Her other boards included the Rotary Club, Leadership Nashville, The Community Foundation of Middle Tennessee and Leadership Music, among many others. She was co-chair of the T.J. Martel Honors Gala of 2013.

Kitty Moon Emery’s honors included the CMA President’s Award and the Easter Seals Nashvillian of the Year award. In 2014, she was given a SOURCE Award as well as Leadership Music’s Bridge Award. She was also an inductee into the YWCA’s Academy for Women of Achievement.

Kitty Moon Emery is survived by her husband of 18 years, Patrick Emery, her sister Lady Bird, sister-in-law Jacque Moon and by nieces, nephews and cousins.

Visitations will be held on Tuesday, Feb. 14, from 4 p.m.-6pm and on Wednesday, Feb. 15, 10-11 a.m. at Woodmont Christian Church on the corner of Woodmont and Hillsboro Road. The funeral service, which was planned by Kitty, will be held at the church on Wednesday, Feb. 15 at 11 a.m. following the second visitation. Following the funeral service, there will be a graveside service for only family and close friends.

Grammys Plan Special Tribute to Prince, George Michael

The upcoming 59th Annual Grammy awards will pay tribute to George Michael and Prince in two special segments of the show. Details for the special tributes to seven-time Grammy-winner Prince and two-time winner Michael have not been revealed and are being kept under wraps, but with the star-studded lineup that includes Adele, Lady Gaga, Bruno Mars, Katy Perry, Carrie Underwood and more, it is sure to be memorable.

“George Michael and Prince were pop icons who showcased rare musical genius and otherworldly charisma,” said Neil Portnow, President/CEO of The Recording Academy. “While each possessed a distinct style and sound, they were both adored by audiences worldwide. The passings of two such creative innovators were a huge loss for the creative community; The Recording Academy is humbled to pay homage to their tremendous legacies on the GRAMMY stage.”

The Grammys will air live on CBS-TV on February 12th.

 

Country Music Hall of Fame to Spotlight ‘Nashville Cat’ Jim Horn

The Country Music Hall of Fame and Museum is highlighting the career of saxophone/woodwinds player Jim Horn in the latest installment of its “Nashville Cats” series Feb. 25 at the museum’s Ford Theater. Hosted by musician Bill Lloyd, the discussion will feature stories from Horn’s colorful career, including recording in George Harrison’s bathroom, giving saxophone lessons to Garth Brooks, touring with Duane Eddy, and more.

Horn began his career as a teen, recording and touring in the 1950s with rock & roll pioneer Duane Eddy. As a young man in Los Angeles, Horn played hundreds of sessions with legendary session pros the Wrecking Crew, lending his talents to some of the biggest pop hits of all time, including the Beach Boys’ “Good Vibrations,” Frank Sinatra’s “Strangers in the Night” and the Righteous Brothers’ “You’ve Lost That Lovin’ Feelin’.” After touring extensively with John Denver, he relocated to Nashville and played on hit records by Garth Brooks, Kenny Chesney, Wynonna, and Blake Shelton.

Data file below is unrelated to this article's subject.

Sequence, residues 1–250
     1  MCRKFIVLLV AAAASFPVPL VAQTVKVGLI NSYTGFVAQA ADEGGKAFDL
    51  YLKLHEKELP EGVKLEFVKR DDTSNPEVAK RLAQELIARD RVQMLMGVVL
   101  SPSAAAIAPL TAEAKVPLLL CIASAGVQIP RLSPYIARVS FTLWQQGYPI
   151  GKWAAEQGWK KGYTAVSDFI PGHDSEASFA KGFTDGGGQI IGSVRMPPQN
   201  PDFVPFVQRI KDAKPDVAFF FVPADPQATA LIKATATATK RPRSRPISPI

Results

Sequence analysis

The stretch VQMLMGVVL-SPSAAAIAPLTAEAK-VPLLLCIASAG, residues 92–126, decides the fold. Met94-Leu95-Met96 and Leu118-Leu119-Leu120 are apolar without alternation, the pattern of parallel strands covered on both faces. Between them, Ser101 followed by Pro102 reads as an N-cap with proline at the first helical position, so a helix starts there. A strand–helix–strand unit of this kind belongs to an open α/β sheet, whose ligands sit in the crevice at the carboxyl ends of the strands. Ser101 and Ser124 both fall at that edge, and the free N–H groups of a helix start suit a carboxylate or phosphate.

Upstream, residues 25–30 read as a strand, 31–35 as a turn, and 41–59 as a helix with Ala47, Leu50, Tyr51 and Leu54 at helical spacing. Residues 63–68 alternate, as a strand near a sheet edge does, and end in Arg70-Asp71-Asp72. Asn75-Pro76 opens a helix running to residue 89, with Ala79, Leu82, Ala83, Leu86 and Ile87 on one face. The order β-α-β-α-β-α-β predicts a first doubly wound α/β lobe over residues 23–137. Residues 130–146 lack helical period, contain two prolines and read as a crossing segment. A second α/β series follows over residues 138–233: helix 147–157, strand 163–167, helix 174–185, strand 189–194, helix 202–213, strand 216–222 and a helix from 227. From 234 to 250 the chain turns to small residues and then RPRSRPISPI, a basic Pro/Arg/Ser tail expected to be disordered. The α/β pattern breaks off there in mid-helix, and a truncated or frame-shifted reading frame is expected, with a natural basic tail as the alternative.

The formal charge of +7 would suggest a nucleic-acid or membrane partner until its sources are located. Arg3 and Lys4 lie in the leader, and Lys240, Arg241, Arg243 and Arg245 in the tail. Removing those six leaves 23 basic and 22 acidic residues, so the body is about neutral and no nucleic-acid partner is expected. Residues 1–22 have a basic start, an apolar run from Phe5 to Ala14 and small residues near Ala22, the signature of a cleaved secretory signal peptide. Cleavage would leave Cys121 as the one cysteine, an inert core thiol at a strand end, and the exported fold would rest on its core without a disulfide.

Horn will offer a short performance during the event as well, and his interview is included with museum admission and is free to museum members. Passes are required for admittance, and museum members can reserve program passes in advance by phone or via e-mail at [email protected]countrymusichalloffame.org. The program will be streamed live at countrymusichalloffame.org/streaming. Following the program, Horn will sign a commemorative Hatch Show Print poster, available for purchase in the Museum Store.  

“Nashville Cats” honors master musicians who have played an integral role in Nashville and country music. Recent honorees include Richard Bennett, Duane Eddy, Paul Franklin, Mac Gayden, Steve Gibson, Leon Rhodes, Michael Rhodes, Billy Sanford, Pete Wade, Bill Walker, and Bergen White.

Industry Ink: MV2 Entertainment, Cuts For Guts, St. Jude Hero

MV2 Entertainment’s Terry McBride Celebrates Album Release in Nashville

Pictured (L-R): MV2 Entertainment artist David Fanning, John Marks of Spotify, McBride, and Shelby Kennedy of Tunecore.

MV2 Entertainment artist/songwriter Terry McBride celebrated the upcoming release of his first solo project, Hotels & Highways, with notable industry friends and supporters during a listening party Friday in Nashville.

The former frontman for iconic ‘90s country group McBride & the Ride, McBride co-wrote every cut on Hotels & Highways, which is scheduled for release on Feb. 24.

Songwriters Round To Benefit Crohns and Colitis Foundation

Lee Brice, Justin Wilson and Craig Campbell will team for a songwriters round at Nashville’s The Listening Room Cafe on March 6, for the benefit concert Cuts For Guts, which will aid the Crohns and Colitis Foundation.

The event begins at 8:30 p.m. CT. Tickets are $25 online and $35 at the door, and available at thelisteningroomcafe.com.

 

If You Can’t Be A Super Hero, Be A St. Jude Hero

Runners and walkers are invited to participate in the 2017 St. Jude Rock and Roll Marathon and Half Marathon (or 5K) on April 29 as a St. Jude Hero.  Participate as an individual, create your own team or join one of the Country Cares industry teams. For more information, call 615-760-8000 or contact [email protected] or [email protected].

Nashville Industry Veterans Team For New Video Streaming Platform

 

HitsMeUp, a new online platform and app that will give fans access to exclusive content from their favorite artists, including videos, behind-the-scenes coverage, live streaming concerts, exclusive interviews, special announcements, contests and giveaways, and more, is set to launch March 3.

Based in Nashville, the platform was co-founded by five Nashville industry members, Butch Waugh, Skip Bishop, Chris King, Chad Little and Stokes Nielson. At launch, HitsMeUp will feature exclusive content channels from record labels including Big Machine Label Group and Warner Music Nashville.